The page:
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Hi-Tech's 1/48 scale AEG G.IV is available online from Squadron.com


S u m m a r y

Catalogue Number: Kit No. HI0010
Scale: 1/48
Contents and Media: 46 injection molded plastic; 18 resin, 12 white metal & 1 fret of photo-etched detail parts.
Price: USD$49.96  from Squadron.com
Review Type: FirstLook
Advantages: Accurate mouldings; good use of multi-media
Disadvantages: PE loose in box; vague instructions; warped wings (although easy to fix)
Recommendation: Recommended for experienced builders of WWI Aircraft.


Reviewed by Robert Baumgartner




When first announced, most WW1 modellers couldn’t believe what they were hearing. Now finally it is here, the long awaited AEG G.IV from Hi-Tech.


As pointed out in Hi-Tech's instructions, this is a “Short-Run” kit. The plastic parts are more reminiscent of Eduard’s first releases, but this is not such a bad thing. All pieces are fully moulded with the usual stray flash to be cleaned up. Gone are the frosty surfaces that marred the plastic of previous releases and this time the parts actually do fit in the supplied box.

Click the thumbnails below to view larger images:

The instruction sheets give an exploded diagram showing where most of the pieces fit, but the rigging diagram is limited to what can be gleaned from the 3 view drawing and box top art. A welcome idea is the use of close up photos of the real aircraft appearing on these sheets but unfortunately their clarity has suffered in the reproduction process. Other sources of reference material would be a great help to the builder here and Hi-Tech give such a list. It is pleasing to see a manufacturer having the courage to list the documentation it has used in the making of the kit.

Although the resin and white metal items are contained in their own plastic bag, the delicate photo-etched fret had no such protection and was left to fight for space with the plastic sprues in the bottom of the box. This inevitably led to damage being done to the fret. The plastic parts are contained on four sprues, with two copies being supplied of the one containing the engine nacelles, struts, tailplane and elevators.


When compared against Ian Stair’s plans in Windsock Datafile 51, it is clear that Hi-Tech has used this publication as their primary reference. The outlines of the parts match almost perfectly.


The wings on my example were slightly bowed but it was easy enough to straighten these out by using hot water while gently bending the parts in the opposite direction to the bow. It only took twenty minutes to rectify all four affected parts. Be careful to leave in some washout at the aileron and lower wingtips though!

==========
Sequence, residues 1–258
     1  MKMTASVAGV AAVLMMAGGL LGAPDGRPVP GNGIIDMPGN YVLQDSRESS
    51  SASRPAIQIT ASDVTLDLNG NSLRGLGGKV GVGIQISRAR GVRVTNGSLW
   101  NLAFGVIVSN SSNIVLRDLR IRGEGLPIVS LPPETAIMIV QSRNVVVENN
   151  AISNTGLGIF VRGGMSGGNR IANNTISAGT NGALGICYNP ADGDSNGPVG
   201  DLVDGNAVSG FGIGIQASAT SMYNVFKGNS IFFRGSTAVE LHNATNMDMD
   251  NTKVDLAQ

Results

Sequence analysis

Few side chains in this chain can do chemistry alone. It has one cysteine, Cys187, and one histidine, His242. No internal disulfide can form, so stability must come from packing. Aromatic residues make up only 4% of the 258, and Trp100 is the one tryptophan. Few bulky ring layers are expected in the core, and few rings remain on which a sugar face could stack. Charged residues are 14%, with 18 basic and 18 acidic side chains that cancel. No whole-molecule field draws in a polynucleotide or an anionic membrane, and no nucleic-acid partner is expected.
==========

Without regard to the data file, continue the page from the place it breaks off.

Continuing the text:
The only other issue with the flying surfaces is that the rib tapes, although complete, are a bit prominent so a light sanding would not go amiss here. Considering that this is a short-run kit, the wing trailing edges are commendably thin.

As per the original machine, the top wing is in three parts and each lower wing is spit in two, so some careful pinning is called for. When joining, note that contemporary photos show the top outer wing panels tend to be slightly higher at the trailing edge than the centre panel.

Other Material

Resin and white metal are used for the items that need more detail than Hi-Tech’s plastic injection techniques will allow. Things like engines, wheels, radiators (these are beautiful), exhausts, machine guns, instrument panel, seat, and both wing and fuselage tanks are made in resin. The white metal parts are restricted to the Wolff propellers, gunner’s seats, tailskid, magazines and engine add-ons.

Click the thumbnails below to view larger images:

A kit like this needs photo etched parts and Hi-Tech provide these in the form of 28 different items totalling 67 parts. This fret is actually supplied by Eduard and includes the propeller guards, bomb racks, prop bosses, machine gun mounts, seat belts, and other various cockpit items.


Decals are for one aircraft, AEG G.IV 155/16. This machine has been photographed with both the pre-production and production rudders. Hi-Tech provide the latter. The colours given in the instructions are rather unclear, this being the result of confusion as to how the real aircraft was camouflaged.
Nearly all aircraft in the G.153-G192/16 series were sprayed in a mottle pattern and here is where the controversy starts. There are two views here:

  1. The base colour is a light blue with a darker blue mottled over the top.

  2. The base colour is a light blue with a possible mottle of dark green and red/brown (as photos appear to show a total of three tonal values).

The choice is yours.





The very nature of this aircraft means that a model of this subject will always be a challenge to build. Hi-Tech have helped us on the way with a package that provides the builder with a good foundation to start from.

The only real downside is that the packaging allows damage to the photo etched fret and the instructions can be a bit vague.

Hi-Tech should be applauded for their ambitious chose of subject and hopefully we can look forward to other multi-engine WW1 aircraft.


Thanks to Squadron.com for the review sample.

Review and Images Copyright © 2002 by Robert Baumgartner
Page Created 15 March, 2002
Last updated 22 July, 2003

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